Video

    Video Chinese-Americans Heart Trump, Bucking National Trend

    A new study conducted by three Asian-American organizations shows there are three times as many Democrats as there are Republicans among Asian-American voters, and they favor Hillary Clinton over Donald Trump. But one group, called Chinese-Americans For Trump, is going against the tide and strongly supports the business tycoon. VOA’s Elizabeth Lee caught up with them at a Trump rally and reports from Anaheim, California.
    Video

    Video Reactions to Trump's Success Polarized Abroad

    What seemed impossible less than a year ago is now almost a certainty. New York real estate mogul Donald Trump has won the number of delegates needed to secure the Republican presidential nomination. The prospect has sparked as much controversy abroad as it has in the United States. Zlatica Hoke has more.
    Video

    Video Drawings by Children in Hiroshima Show Hope and Peace

    On Friday, President Barack Obama will visit Hiroshima, Japan, the first American president to do so while in office. In August 1945, the United States dropped an atomic bomb on the city to force Japan's surrender in World War II. Although their city lay in ruins, some Hiroshima schoolchildren drew pictures of hope and peace. The former students and their drawings are now part of a documentary called “Pictures from a Hiroshima Schoolyard.” VOA's Deborah Block has the story.
    Video

    Video Vietnamese Rapper Performs for Obama

    A prominent young Vietnamese artist told President Obama said she faced roadblocks as a woman rapper, and asked the president about government support for the arts. He asked her to rap, and he even offered to provide a base beat for her. Watch what happened.
    Video

    Video Roots Run Deep for Tunisia's Dwindling Jewish Community

    This week, hundreds of Jewish pilgrims are defying terrorist threats to celebrate an ancient religious festival on the Tunisian island of Djerba. The festivities cast a spotlight on North Africa's once-vibrant Jewish population that has all but died out in recent decades. Despite rising threats of militant Islam and the country's battered economy, one of the Arab world's last Jewish communities is staying put and nurturing a new generation. VOA’s Lisa Bryant reports.
    Video

    Video Meet Your New Co-Worker: The Robot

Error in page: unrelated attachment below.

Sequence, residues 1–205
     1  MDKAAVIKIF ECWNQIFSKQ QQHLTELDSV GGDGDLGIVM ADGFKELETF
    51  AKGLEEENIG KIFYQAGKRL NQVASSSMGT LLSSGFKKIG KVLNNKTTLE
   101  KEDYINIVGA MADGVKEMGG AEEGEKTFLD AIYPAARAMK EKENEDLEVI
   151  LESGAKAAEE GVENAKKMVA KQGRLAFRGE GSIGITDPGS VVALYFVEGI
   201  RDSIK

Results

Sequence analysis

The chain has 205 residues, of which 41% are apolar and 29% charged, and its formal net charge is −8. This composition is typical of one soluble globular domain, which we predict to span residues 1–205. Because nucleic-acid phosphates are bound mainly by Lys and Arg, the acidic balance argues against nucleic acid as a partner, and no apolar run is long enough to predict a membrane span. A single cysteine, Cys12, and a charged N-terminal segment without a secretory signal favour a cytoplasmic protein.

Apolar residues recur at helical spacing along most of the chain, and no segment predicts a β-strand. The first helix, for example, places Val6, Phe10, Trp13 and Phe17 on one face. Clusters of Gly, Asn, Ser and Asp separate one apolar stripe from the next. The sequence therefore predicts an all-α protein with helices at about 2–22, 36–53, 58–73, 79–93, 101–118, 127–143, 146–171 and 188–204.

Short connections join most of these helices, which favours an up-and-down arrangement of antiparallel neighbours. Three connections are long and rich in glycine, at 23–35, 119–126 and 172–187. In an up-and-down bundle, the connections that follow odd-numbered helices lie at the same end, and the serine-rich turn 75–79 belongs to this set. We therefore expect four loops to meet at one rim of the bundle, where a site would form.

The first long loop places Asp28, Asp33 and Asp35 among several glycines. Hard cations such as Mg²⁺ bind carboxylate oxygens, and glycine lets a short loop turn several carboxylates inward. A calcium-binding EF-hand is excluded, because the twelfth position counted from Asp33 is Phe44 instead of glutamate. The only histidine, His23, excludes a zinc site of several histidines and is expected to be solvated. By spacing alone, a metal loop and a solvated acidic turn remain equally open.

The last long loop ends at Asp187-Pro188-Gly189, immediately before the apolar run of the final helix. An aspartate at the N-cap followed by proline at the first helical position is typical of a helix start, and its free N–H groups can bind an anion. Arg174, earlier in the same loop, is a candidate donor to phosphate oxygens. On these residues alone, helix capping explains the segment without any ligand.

Increasing numbers of robots are joining the workforce, as companies scale back and more processes become automated. The latest robots are flexible and collaborative, built to work alongside humans as opposed to replacing them. VOA’s Tina Trinh looks at the next generation of automated employees helping out their human colleagues.
    Video

    Video Wheelchair Technology in Tune With Times

    Technologies for the disabled, including wheelchair technology, are advancing just as quickly as everything else in the digital age. Two new advances in wheelchairs offer improved control and a more comfortable fit. VOA's George Putic reports.
    Video

    Video Baby Boxes Offer Safe Haven for Unwanted Children

    No one knows exactly how many babies are abandoned worldwide each year. The statistic is a difficult one to determine because it is illegal in most places. Therefore unwanted babies are often hidden and left to die. But as Erika Celeste reports from Woodburn, Indiana, a new program hopes to make surrendering infants safer for everyone.
    Video

    Video California Celebration Showcases Local Wines, Balloons

    Communities in the U.S. often hold festivals to show what makes them special. In California, for example, farmers near Fresno celebrate their figs and those around Gilmore showcase their garlic. Mike O'Sullivan reports that the wine-producing region of Temecula offers local vintages in an annual festival where rides on hot-air balloons add to the excitement.
    Video

    Video US Elementary School Offers Living Science Lessons

    Zero is not a good score on a test at school. But Discovery Elementary is proud of its “net zero” rating. Net zero describes a building in which the amount of energy provided by on-site renewable sources equals the amount of energy the building uses. As Faiza Elmasry tells us, the innovative features in the building turn the school into a teaching tool, where kids can't help but learn about science and sustainability. Faith Lapidus narrates.

    Special Report

    Adrift The Invisible African Diaspora